“I was born into a humble family in Varanasi. I came as a bit of mixed news for my parents. They did get a child, but the child brought a set of problems with him. Problems which would make any new parents worry.
The doctor told my mother (right after she squeezed another human out of her body) that her son was born mute, mentally retarded and handicapped and that’s the way he was going to be for the next three years of his life. Nice guy, right? But that wasn’t it. I was not expected to “survive” beyond the age of nine and my mental capacity would always be less than what it should be. Tough day for my mom. Needless to say, the doctor was wrong. Wait, strike that.
My mother proved him wrong. She tirelessly exercised my limbs and did what only a mother could do. She gave to me life, twice. It was a miracle. A woman-made miracle. I took my first step and spoke my first words at the age of three. My parents sent me to school. I somehow managed to fail in the nursery. I bet you didn’t know that was possible. I never could find in books the thing I craved the most, even though back then, I did not know what it was. Being bullied was part of my school experience.
“Pagal”, “Seekda” and for some reason, “gay” were my nicknames in school. It’s not like I didn’t fight back. Violence is never the answer, especially, if you have the arms of a teenage beauty queen. If someone called me by a particular name, I would go back home and prepare a comeback. But I had the pleasure of being around creative bullies in my area. They never used the same insult twice on the same person. Slow learner that I was, it took me a while to get that.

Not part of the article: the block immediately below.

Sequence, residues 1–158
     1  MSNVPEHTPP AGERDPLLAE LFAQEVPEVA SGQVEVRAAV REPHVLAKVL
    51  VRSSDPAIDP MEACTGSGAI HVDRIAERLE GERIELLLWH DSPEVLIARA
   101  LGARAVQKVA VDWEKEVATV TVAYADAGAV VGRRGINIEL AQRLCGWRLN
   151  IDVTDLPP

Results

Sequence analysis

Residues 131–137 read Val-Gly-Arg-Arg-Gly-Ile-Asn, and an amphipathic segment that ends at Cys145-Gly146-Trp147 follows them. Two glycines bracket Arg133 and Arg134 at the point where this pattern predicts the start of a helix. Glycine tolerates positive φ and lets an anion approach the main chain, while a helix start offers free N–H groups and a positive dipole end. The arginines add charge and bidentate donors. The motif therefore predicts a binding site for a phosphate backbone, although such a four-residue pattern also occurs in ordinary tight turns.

I prepared a comeback every day, I seldom got to use any. But by the end of it all, I had a comeback prepared for almost every insult they could throw at me. Sometimes people call me audacious, but they don’t know the story behind it. I’m not sure if that’s the right word for it. I had developed a bit of a sense of humour in my adolescent days. (I figured if everyone else is laughing at me, then why should I not join the party?) I made friends out of the bullies who made me cry multiple times in a day. They suggested I should become a comedian. I thought I should join my school’s theatre group thinking it would help me find my way through my stage fright.
I’ll try to say this stage skills. What I found, was the reason of my existence. I found what I was looking for. I found hope. I found happiness. Being a performer gave a skinny little boy a reason to smile even when things were not at their greatest. I somehow managed to complete my schooling. Like all the other parents in India, my parents had the best for me in their mind when they suggested I should pursue engineering. I tried, and I failed. I dropped out of college in my third year and explained to my parents what I needed in life. They were supportive as ever. What I needed in life was to combine my three passions. Acting, writing and travelling became the three pillars of my existence. My passion allowed me to do 681 plays across fourteen states and two union territories. Each place had its own unique impact on me and shaped me.
I’m on a journey. A journey across India, to find it’s lost art. My aim is to do ten thousand plays across India before I die. I do plays on social issues as to spread awareness among the people. Currently, I’m walking a distance of 2,700 km from Bhopal to Jammu to revive the lost art of India which is traditional, cultural and regional art which we lost because of modernisation. so I will be discovering that art which is soulful and roots of India. And another reason is, till now my mom says “my child was unable to walk for 3 years” but now she will say “‘my child was unable to walk for 3 years but than he walked from Bhopal to Jammu in 75 days”
Submitted By – Vipul Singh
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